"The House of Wax" is a short story by Subodh Ghosh, translated from Bengali to English by Somrita Ganguly. It's about a man and woman who meet at a train station years after getting divorced from each other and both re-marrying.
A few paragraphs of the story cover their memories of some of the bad moments in their marriage which provided to them "real, empirical proof" that their love had faded:
One day Madhuri had sat immersed in a book in her room while Shatadal packed his clothes in a suitcase in another room. He was leaving for Bhubaneswar for a week to supervise an archaeological survey. Madhuri had not come out of her room, not even once, as he was about to leave. Shatadal had found the sunshine that had crept in through the window that early winter morning and spread itself out on the floor absolutely meaningless.
Later that year, in spring, one Sunday evening had also wrought havoc in their lives. Madhuri, like every other week, had dressed up that evening as well, ready to go out, waiting in her room. Shatadal had remained in the other room making sketches, with intense concentration, of the foundations of temples from the Chalukya dynasty. He had forgotten all about the evening plans. Madhuri had looked out of her window at the sky and thought how meaningless it was for the setting sun to color the clouds crimson. It was merely a tease. Soon darkness would envelop everything. Why did the sun play these tricks, then? It would have been so much better if it set all at once, swiftly.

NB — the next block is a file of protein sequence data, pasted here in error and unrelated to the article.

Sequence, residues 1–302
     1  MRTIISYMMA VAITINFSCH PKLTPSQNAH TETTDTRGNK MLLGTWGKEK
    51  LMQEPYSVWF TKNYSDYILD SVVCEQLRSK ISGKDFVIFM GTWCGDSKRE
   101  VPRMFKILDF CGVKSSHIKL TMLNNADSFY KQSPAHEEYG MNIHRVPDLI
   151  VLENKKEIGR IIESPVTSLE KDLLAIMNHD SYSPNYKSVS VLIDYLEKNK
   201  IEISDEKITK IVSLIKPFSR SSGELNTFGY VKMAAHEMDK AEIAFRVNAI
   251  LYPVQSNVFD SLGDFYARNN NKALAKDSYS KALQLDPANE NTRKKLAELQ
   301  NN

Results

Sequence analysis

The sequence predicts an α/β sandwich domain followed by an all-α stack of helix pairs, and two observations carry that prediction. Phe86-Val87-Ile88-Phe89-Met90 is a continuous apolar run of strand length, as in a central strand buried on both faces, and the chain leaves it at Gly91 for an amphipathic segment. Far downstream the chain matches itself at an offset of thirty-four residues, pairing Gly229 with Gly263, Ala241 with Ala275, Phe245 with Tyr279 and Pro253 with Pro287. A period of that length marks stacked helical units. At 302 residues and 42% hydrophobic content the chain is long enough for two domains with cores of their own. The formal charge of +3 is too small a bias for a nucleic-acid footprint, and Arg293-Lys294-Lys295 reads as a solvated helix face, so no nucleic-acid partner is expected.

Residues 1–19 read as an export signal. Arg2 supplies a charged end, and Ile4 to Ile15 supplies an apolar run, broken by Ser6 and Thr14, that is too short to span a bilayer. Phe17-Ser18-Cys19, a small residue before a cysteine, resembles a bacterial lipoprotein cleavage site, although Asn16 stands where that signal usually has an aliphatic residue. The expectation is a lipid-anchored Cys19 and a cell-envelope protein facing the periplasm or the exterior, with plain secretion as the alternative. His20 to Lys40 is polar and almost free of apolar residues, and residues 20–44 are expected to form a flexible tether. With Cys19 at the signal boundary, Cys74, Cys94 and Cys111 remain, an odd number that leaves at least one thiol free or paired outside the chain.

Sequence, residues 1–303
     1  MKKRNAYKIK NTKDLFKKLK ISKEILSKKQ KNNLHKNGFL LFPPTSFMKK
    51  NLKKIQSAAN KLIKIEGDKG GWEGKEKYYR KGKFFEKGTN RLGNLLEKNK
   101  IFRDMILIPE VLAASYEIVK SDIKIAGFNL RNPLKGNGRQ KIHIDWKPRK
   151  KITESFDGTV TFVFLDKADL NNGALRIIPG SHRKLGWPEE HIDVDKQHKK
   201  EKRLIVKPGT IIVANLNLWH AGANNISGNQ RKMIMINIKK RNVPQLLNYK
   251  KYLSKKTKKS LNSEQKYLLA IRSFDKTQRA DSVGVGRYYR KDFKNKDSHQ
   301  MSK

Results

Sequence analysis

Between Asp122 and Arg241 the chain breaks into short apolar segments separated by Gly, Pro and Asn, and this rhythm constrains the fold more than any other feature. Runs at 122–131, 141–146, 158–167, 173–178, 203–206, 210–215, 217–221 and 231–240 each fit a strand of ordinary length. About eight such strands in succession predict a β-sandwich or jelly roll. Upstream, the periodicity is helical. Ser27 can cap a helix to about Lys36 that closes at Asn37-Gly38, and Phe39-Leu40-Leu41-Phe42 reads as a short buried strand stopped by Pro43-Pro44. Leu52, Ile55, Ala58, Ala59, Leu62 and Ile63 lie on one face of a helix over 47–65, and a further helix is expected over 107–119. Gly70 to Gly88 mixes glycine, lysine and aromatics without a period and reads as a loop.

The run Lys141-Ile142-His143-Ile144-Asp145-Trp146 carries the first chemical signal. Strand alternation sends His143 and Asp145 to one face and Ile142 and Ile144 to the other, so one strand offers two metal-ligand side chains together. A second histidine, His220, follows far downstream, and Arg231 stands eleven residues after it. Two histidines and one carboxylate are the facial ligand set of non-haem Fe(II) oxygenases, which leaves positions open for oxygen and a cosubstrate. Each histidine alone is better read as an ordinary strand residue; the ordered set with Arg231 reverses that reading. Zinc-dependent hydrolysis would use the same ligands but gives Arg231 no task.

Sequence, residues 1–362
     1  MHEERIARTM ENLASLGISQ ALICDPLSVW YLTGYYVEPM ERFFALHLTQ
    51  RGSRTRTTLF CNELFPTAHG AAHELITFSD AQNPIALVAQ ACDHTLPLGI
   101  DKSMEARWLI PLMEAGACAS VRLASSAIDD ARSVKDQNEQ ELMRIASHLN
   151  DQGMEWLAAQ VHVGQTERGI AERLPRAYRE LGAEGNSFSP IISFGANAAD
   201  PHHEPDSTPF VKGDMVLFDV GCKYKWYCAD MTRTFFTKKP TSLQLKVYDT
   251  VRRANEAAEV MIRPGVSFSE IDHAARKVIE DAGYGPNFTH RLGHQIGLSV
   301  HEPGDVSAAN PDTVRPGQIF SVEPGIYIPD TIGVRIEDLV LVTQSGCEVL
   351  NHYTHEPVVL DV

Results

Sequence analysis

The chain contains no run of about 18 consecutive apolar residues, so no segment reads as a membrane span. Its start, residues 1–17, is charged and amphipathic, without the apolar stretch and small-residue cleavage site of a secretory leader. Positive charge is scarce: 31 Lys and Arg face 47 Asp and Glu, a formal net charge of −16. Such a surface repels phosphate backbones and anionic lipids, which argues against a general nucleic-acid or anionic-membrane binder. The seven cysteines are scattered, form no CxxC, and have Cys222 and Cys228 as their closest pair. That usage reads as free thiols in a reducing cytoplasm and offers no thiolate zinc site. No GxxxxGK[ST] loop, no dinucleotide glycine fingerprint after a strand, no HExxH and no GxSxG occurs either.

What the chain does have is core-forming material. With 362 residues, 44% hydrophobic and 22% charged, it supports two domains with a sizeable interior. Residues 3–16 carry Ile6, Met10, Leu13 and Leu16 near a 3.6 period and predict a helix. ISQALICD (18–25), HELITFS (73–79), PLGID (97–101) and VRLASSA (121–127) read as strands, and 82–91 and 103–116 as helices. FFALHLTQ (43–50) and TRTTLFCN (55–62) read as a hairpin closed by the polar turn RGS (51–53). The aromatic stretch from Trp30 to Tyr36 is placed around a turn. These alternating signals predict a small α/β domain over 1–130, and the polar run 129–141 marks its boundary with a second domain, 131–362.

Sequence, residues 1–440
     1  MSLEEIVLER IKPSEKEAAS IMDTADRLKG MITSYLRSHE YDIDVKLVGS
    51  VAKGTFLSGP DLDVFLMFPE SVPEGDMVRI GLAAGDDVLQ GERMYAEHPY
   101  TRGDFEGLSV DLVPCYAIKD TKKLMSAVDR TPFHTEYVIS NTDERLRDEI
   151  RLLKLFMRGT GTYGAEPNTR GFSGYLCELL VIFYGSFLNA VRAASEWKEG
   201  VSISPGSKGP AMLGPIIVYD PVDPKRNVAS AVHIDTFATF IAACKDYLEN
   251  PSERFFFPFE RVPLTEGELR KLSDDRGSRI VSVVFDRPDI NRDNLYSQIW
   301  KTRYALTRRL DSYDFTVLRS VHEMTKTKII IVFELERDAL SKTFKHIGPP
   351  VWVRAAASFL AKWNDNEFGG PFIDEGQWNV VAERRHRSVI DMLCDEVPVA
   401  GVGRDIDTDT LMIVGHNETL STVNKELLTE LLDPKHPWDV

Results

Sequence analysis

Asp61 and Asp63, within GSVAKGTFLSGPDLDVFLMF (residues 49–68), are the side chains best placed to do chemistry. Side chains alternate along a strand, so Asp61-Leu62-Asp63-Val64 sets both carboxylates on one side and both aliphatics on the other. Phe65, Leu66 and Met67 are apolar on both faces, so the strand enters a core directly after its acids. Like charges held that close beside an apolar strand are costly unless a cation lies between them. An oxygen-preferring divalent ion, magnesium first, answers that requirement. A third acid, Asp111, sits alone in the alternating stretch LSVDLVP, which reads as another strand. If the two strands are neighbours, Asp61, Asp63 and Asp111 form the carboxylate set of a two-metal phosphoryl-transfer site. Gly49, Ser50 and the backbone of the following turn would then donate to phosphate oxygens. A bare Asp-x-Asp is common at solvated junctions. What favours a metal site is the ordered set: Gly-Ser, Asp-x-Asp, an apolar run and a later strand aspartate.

Both of these memories give significance to sunlight: Shatadal "found the sunshine [...] absolutely meaningless" when his wife didn't pay attention to him, and Madhuri "thought how meaningless [the sunlight] was" when her husband didn't pay attention to her.
What is the importance of the sunlight in this passage? Does it tie in to the other metaphors used in the story? Elsewhere similes and metaphors like the titular house of wax are used, but this seems to be the only place where the characters dwell entirely on sunlight without the connection with their emotions and personal lives being commented.